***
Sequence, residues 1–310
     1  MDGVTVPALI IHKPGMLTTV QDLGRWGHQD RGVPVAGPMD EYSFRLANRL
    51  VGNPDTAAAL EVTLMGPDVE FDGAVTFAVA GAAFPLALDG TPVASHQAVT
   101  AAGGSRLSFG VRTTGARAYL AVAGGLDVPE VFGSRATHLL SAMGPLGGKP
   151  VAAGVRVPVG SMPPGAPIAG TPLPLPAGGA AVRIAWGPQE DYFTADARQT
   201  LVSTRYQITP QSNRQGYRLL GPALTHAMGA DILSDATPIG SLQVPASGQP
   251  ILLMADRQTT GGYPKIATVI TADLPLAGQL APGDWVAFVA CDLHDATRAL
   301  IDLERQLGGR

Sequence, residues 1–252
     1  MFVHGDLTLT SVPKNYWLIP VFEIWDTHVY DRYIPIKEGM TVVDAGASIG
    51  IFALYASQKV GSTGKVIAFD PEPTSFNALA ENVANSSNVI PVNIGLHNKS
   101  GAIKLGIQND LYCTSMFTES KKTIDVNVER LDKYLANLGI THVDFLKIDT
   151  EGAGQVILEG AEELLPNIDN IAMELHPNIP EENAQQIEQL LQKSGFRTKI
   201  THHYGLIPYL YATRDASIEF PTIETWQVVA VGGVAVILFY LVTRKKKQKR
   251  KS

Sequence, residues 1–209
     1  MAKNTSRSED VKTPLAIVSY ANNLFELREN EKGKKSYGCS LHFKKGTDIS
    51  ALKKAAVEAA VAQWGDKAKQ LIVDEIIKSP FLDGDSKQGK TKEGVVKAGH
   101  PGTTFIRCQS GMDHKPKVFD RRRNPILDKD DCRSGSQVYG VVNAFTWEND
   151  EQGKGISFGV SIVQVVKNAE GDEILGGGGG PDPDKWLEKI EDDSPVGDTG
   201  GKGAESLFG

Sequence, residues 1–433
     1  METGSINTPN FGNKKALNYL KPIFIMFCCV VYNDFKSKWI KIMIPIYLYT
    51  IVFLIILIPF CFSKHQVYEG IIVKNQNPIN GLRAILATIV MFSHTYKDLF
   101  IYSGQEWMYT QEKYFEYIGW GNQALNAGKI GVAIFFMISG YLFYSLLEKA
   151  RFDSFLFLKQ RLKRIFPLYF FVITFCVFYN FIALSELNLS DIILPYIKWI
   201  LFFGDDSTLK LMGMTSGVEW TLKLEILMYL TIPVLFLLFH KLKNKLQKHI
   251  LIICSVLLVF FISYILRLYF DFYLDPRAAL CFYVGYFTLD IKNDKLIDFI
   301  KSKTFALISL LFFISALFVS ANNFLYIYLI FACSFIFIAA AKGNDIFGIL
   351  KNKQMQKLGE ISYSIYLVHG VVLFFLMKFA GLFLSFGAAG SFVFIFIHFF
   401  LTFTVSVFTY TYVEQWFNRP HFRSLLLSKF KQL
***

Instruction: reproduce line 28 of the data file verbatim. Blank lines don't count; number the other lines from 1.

   251  LIICSVLLVF FISYILRLYF DFYLDPRAAL CFYVGYFTLD IKNDKLIDFI